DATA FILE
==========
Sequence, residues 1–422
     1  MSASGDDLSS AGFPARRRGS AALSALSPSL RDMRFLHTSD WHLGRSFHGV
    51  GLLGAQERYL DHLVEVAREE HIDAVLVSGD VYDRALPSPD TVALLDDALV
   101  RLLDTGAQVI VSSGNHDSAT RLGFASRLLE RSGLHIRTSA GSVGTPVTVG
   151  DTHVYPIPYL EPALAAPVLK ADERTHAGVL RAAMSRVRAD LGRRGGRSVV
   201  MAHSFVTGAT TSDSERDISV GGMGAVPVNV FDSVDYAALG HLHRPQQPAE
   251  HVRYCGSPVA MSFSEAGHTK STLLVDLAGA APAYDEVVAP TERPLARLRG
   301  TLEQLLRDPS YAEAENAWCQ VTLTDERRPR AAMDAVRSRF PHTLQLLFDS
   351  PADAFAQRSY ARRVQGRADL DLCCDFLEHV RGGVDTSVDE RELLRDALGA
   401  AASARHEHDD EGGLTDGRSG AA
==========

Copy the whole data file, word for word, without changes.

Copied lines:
Sequence, residues 1–422
     1  MSASGDDLSS AGFPARRRGS AALSALSPSL RDMRFLHTSD WHLGRSFHGV
    51  GLLGAQERYL DHLVEVAREE HIDAVLVSGD VYDRALPSPD TVALLDDALV
   101  RLLDTGAQVI VSSGNHDSAT RLGFASRLLE RSGLHIRTSA GSVGTPVTVG
   151  DTHVYPIPYL EPALAAPVLK ADERTHAGVL RAAMSRVRAD LGRRGGRSVV
   201  MAHSFVTGAT TSDSERDISV GGMGAVPVNV FDSVDYAALG HLHRPQQPAE
   251  HVRYCGSPVA MSFSEAGHTK STLLVDLAGA APAYDEVVAP TERPLARLRG
   301  TLEQLLRDPS YAEAENAWCQ VTLTDERRPR AAMDAVRSRF PHTLQLLFDS
   351  PADAFAQRSY ARRVQGRADL DLCCDFLEHV RGGVDTSVDE RELLRDALGA
   401  AASARHEHDD EGGLTDGRSG AA